National Eating Disorder Awareness week takes place Feb. 26 - Mar. 4.
The National Eating Disorders Association said such afflictions will affect about 30 million Americans at some point in their life.
A young woman from Thorndale has battled Anorexia for most of her life.
"When I wouldn't eat, I would tell myself that I wasn't hungry. Even if my stomach was growling, I would tell myself 'You are not hungry, you do not need to eat this, you can eat later, you're not going to eat right now.' But, I would just tell myself, convince myself and then eventually I would just forget about it," Savannah Driver said.
When she was 7-years-old, Savannah Driver was diagnosed with an eating disorder. Now, she's a junior at Tarleton State University and still battles with her demons.
"I do still think that there are thoughts that come and go because society is everywhere. Lose this much weight, lose this much weight," Savannah said.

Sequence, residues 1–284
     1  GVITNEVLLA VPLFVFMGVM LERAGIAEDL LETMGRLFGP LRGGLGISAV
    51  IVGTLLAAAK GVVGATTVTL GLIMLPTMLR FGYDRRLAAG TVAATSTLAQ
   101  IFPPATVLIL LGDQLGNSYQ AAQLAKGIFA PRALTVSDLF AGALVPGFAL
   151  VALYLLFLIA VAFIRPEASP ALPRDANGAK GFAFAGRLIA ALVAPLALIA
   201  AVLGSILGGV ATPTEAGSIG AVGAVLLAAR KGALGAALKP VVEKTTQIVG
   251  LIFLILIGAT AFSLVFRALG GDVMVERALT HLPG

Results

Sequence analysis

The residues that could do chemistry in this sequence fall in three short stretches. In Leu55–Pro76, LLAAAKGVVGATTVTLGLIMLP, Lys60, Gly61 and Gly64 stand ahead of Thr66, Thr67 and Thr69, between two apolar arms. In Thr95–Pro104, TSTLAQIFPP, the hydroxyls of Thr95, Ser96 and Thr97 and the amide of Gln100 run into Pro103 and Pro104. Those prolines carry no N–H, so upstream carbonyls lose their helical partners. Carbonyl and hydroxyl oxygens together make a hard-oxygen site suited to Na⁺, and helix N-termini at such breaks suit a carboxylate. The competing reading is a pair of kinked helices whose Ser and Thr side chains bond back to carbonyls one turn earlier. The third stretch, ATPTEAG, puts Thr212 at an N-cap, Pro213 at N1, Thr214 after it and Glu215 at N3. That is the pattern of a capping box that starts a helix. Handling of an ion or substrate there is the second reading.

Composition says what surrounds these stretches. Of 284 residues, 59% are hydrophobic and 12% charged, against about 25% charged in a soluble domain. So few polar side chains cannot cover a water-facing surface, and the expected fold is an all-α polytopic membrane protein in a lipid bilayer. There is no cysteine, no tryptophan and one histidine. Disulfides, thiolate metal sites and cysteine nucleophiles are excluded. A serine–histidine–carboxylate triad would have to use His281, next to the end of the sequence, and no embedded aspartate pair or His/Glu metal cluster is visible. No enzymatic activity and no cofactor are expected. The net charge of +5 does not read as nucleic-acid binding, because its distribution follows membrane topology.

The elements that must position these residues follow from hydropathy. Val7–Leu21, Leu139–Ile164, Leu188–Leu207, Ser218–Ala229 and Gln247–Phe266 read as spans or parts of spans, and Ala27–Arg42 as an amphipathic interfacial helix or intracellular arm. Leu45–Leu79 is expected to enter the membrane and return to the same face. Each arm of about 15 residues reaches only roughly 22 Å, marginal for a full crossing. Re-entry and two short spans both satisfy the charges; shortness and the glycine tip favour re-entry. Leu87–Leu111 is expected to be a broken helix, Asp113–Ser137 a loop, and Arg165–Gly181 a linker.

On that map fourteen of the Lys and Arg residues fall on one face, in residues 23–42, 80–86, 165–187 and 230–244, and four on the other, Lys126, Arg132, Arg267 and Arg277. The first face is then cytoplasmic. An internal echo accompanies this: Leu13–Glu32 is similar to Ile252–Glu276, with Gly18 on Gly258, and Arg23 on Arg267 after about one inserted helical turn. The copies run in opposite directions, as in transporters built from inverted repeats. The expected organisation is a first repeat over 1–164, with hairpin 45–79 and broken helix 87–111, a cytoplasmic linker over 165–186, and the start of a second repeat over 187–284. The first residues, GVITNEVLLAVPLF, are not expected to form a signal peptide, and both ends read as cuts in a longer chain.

As a child her parents tracked her eating, and even now that she's away from home.
"I text my mom about everything, I tell her what I eat, when I'm eating it, and if I don't she's asking me did you eat, what'd you eat, and food is not a good enough answer," Savannah added.
Her family is who helped her battle her eating disorder, and she encourages others to lean on their family if they are struggling too.
"She's battled an eating disorder for a very long time. No matter what you're going through, just keep your head up, stand tall, everything's going to be okay," Charity Driver, Savannah's mom, said.
Dr. Jones works with children and adults who battle eating disorders and credits Savannah's success to her family.
"The family, family, became tighter, became more secure, they became more bonded. They helped her through the process," Kenyatta Jones, a Child and Adolescent Behavioral Doctor at Metroplex Hospital, said.
Savannah says she's now confident in herself, her food choices and her body.
"I trusted my mom, she knew what she was talking about, I was fine," Savannah said.
Savannah's mom, Charity said the signs she picked up on were anxious behavior and major weight loss even at the young age of seven.
Dr. Jones added anxiety is what drives most eating disorders.
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